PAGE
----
Mayor Eric Adams departs NYC today to visit Mexico, Ecuador and Colombia, according to a travel advisory his office released. Adams plans to also visit the Darién Gap — a jungle crossing along the Colombia-Panama border which many migrants have described as the most challenging part of their journey to the U.S.
The trip comes in the face of pressure for Adams to better manage the City’s budget as 125,000 migrants and asylum seekers have arrived in New York City, seeking refuge from persecution, lack of economic opportunities, gang violence, natural disasters, and other circumstances in their native countries.
The nonprofit organization U.S.-Mexico Foundation will sponsor the visit to Mexico. The organization consists of business and civic leaders, with extensive networks in the U.S. and Mexico, and was launched in 2009. Adams, not taxpayers, will pay for his visits to Ecuador and Colombia.
Facing a housing crisis in the city and the need for more resources to assist the tens of thousands of people who have arrived, the Adams administration’s rhetoric and policies has shifted from welcoming to disapproving. The most recent example of Adams’ shifting rhetoric happened over the weekend, when Ingrid Lewis-Martin, the mayor’s chief adviser, said the federal government needed to “close the border,” expressing far-right Republican rhetoric.
Also Read: NYC Mayor Adams: “I Don’t Believe the Right to Shelter Applies to a Migrant Crisis”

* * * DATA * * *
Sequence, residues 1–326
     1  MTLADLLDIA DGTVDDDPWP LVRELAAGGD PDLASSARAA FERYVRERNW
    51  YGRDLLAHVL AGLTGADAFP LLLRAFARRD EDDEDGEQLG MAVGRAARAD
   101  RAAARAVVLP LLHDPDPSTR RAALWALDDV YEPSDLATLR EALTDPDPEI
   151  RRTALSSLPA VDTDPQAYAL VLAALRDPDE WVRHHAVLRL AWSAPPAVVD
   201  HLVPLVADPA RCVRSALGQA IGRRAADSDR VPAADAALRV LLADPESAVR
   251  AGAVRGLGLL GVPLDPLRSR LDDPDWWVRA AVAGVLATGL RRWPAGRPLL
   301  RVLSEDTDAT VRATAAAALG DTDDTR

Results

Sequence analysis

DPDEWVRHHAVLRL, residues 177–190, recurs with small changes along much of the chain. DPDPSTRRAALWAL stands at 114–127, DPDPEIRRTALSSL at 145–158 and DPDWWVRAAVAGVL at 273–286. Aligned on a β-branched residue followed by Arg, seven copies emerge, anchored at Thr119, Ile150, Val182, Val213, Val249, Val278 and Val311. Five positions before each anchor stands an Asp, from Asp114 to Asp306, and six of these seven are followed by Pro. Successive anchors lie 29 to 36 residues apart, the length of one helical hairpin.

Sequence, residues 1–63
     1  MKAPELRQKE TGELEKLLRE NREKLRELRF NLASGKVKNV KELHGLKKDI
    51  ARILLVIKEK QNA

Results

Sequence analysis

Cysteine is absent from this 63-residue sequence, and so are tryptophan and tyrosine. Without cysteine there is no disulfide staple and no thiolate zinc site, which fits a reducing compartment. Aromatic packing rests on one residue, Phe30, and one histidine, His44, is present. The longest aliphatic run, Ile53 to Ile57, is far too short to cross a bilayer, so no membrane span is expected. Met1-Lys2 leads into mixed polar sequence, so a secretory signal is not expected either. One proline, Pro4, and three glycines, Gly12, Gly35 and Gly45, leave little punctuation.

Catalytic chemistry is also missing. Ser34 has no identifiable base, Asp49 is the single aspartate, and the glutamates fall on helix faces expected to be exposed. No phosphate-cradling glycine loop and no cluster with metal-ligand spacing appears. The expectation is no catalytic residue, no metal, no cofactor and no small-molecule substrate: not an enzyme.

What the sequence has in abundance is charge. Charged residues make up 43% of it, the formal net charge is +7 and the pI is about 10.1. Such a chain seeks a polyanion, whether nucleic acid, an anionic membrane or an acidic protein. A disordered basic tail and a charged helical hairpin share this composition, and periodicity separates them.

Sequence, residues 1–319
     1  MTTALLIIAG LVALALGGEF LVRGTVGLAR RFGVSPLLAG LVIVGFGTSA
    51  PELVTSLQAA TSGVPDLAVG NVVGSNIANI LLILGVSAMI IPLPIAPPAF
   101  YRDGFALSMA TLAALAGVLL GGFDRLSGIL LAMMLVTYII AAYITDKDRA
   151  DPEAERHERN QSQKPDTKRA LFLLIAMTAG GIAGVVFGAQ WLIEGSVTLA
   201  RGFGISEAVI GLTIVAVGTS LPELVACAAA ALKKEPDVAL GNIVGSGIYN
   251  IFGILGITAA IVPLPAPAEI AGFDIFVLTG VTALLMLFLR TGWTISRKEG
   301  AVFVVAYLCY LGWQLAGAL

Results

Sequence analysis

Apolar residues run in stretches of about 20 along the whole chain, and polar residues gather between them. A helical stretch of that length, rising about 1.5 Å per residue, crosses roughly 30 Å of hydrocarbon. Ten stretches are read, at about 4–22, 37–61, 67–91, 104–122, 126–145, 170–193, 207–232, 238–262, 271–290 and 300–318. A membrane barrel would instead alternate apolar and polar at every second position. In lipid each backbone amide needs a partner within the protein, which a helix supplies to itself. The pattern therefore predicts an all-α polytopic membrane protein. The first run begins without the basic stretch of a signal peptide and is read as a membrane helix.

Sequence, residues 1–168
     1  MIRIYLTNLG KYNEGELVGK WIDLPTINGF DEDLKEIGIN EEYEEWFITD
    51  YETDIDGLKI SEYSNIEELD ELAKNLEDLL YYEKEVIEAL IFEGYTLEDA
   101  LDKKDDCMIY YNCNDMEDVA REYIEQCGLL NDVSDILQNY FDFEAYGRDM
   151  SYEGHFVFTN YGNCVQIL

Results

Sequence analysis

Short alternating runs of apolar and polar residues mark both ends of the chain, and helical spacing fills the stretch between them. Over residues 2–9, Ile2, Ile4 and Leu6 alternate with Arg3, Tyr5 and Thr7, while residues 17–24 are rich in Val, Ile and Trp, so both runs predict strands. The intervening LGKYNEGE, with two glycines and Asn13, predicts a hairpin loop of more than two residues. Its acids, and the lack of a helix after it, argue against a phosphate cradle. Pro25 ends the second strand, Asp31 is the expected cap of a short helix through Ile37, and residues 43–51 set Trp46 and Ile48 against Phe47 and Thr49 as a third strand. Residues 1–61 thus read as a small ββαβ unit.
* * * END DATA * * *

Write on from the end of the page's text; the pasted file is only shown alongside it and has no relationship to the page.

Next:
Following Lewis-Martin’s statement, The Legal Aid Society put out a statement in a tweet stating: “Xenophobic pleas to “close the border” have no place in NYC, let alone City Hall.”
The Legal Aid Society has been on the frontline of negotiations with the City over the right to shelter law for months. New York Immigration Coalition, Black Alliance for Just Immigration, Make The Road NY, and other nonprofit groups have meanwhile been advocating against the city’s changing housing policies, lack of work permits, difficulty in obtaining IDNYC cards, and the city’s negative rhetoric.
This trip will be Adams’ second official journey to the U.S.-Mexico border. He made a trip to El Paso in January over the same issue of the humanitarian migrant crisis.
Hochul appeared on Face The Nation on Sunday expressing support for the Adams’ administration’s current stance against more immigrants arriving in the city. She also said Congress needed to put a limit on who can cross the border.
“It is too open right now. People coming from all over the world are finding their way through, simply saying they need asylum, and the majority of them seem to be ending up in the streets of New York,” Hochul said.